Not all the churches in the Holy Lands are old. The Church of the Shepherds’ Fields in Bethlehem was constructed in 1954 over some small caves on the outskirts of the city. Traditional holds that these caves were used by Shepherds even in ancient times hence the connection of this site to the Nativity story. The Church has a simple, contemporary ascetic, but by far has the best impromptu choir I’ve ever heard.
Exterior angel from the Church of the Shepherds’ Fields
After two recent trips (domestic and international), it was clear to me that we are now traveling differently compared to even 5 years ago. Our electronic gadgets, which have become a big part of our daily lives back home, are just as much a part of our leisure time and travel experiences. Thanks to a 7 hour flight home, I had some time to reflect on what this all means. The age of portable digital devices means some really exciting changes for the traveler, and some changes that don’t seem right.
A young couple reading a much more detailed tour of the Hagia Sophia in Istanbul on their iPad (Photo: Daydream Tourist)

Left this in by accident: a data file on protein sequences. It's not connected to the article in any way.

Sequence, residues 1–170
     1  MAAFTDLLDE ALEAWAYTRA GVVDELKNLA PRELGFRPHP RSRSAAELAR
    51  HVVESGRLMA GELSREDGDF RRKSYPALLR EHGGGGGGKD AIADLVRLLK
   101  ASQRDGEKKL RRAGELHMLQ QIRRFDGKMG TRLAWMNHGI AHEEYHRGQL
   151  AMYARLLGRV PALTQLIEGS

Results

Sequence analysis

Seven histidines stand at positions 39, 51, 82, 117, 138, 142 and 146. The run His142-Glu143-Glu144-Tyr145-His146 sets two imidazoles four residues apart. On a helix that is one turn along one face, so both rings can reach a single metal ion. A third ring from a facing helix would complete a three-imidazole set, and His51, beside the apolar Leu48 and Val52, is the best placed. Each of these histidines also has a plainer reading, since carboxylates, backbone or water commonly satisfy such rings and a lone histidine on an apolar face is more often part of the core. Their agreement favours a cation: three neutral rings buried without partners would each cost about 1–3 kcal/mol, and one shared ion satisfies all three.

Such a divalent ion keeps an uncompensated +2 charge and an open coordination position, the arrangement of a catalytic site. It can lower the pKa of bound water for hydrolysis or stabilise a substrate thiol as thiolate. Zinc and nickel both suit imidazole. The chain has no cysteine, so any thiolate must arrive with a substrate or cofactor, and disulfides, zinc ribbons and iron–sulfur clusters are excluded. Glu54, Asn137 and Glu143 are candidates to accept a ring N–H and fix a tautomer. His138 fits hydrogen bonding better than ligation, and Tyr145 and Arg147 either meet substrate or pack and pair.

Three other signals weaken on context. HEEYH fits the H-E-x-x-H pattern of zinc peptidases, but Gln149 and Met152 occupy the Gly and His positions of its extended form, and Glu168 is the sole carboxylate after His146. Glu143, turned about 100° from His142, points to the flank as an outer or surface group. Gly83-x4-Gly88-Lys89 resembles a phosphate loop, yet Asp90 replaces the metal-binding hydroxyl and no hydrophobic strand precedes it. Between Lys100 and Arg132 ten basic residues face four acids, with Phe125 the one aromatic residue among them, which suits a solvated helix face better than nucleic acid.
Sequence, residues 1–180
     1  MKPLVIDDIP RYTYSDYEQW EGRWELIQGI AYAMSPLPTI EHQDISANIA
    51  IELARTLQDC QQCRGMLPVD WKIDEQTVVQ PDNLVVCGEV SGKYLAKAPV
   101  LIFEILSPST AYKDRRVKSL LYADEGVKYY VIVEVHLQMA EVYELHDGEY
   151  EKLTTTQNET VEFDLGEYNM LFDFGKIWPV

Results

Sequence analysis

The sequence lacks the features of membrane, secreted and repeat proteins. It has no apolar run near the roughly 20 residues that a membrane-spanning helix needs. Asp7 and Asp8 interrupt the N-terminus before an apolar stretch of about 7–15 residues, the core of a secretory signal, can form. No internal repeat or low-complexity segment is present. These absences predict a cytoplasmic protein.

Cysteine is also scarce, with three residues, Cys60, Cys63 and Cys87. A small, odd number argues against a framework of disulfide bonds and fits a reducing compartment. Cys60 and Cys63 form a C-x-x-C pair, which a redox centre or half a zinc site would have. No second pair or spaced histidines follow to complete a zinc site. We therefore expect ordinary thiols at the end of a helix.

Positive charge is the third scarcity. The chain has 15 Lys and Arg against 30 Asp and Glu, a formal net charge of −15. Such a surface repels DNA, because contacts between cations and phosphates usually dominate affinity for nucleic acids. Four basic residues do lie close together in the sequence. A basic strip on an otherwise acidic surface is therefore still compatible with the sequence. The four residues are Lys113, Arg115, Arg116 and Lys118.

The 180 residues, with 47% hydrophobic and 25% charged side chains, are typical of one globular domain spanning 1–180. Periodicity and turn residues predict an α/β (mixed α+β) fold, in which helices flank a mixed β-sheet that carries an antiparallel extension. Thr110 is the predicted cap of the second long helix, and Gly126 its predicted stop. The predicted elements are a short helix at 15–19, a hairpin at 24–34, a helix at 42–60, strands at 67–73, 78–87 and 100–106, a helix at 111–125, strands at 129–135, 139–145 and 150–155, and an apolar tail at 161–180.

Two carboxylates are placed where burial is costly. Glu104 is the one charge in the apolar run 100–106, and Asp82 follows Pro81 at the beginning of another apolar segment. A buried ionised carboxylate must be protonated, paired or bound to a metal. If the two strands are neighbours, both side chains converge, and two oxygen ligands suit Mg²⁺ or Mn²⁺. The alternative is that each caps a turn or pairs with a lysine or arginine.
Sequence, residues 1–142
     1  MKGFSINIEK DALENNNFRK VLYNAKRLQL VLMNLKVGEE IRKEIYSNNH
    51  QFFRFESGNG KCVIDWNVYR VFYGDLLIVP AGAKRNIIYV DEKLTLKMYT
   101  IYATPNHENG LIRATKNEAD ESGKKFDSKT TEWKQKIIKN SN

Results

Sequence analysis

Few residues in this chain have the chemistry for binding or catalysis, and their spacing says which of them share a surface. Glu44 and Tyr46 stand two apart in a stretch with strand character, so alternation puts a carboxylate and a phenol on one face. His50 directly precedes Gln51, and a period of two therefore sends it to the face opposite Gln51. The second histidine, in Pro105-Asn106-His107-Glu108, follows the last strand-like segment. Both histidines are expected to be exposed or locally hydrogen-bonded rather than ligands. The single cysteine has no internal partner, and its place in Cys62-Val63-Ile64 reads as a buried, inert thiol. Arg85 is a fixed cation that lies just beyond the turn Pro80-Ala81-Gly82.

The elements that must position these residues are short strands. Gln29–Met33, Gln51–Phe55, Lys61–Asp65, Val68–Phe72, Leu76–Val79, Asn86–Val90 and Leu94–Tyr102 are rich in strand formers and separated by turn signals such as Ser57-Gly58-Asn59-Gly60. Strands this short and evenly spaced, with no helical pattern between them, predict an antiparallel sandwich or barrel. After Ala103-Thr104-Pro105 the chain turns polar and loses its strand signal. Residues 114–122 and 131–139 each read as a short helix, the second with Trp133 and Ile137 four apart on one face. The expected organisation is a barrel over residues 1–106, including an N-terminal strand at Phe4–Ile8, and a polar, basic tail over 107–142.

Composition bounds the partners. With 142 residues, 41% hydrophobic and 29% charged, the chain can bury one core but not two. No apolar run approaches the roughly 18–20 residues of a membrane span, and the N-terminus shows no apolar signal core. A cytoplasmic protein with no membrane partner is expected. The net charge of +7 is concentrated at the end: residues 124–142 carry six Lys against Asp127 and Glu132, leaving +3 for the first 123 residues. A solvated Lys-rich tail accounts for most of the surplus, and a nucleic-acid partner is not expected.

"Bonjour suora, comment allez-vous?" (Photo: Ed Yourdon)
There was a great column by Daisann McLane in National Georgraphic Traveler this month about the value of speaking a second language. No matter where you are, it gives you another option for communication. She argues that when people must communicate in neutral language (in her case, an American and Japanese woman speaking Spanish together), they are more conscientious of their pronounciation and use more standard, less slangy vocabulary. This made me think of my own experience communicating in a third language.
The summer I spent in Florence, I lived in a convent which rented half of its rooms to travelers and students like me. It was gorgeous place with cool stone floors and a peaceful inner garden, all hidden just down the street from the Duomo. My room even had a 19th century fresco of angels on the ceiling! The sisters were very kind and would join the guests for breakfast. The only problem was that I barely spoke Italian so I limited to “Sì, grazie suora”. Unless the sisters wanted to sell me a train ticket, I didn’t really know what to say. But I was in luck; this was a French religious order so they all knew some French! My four years of high school French came in pretty handy.
What a difference a little communication makes. It was so much more fun to chat with the sisters, ask them what they were working on and answer their questions about what I had done each day. As much as I love seeing art and scenery when I travel, it makes for a much richer experience if you can actually talk with locals.
(On a side note, my French is still way better than my Italian.)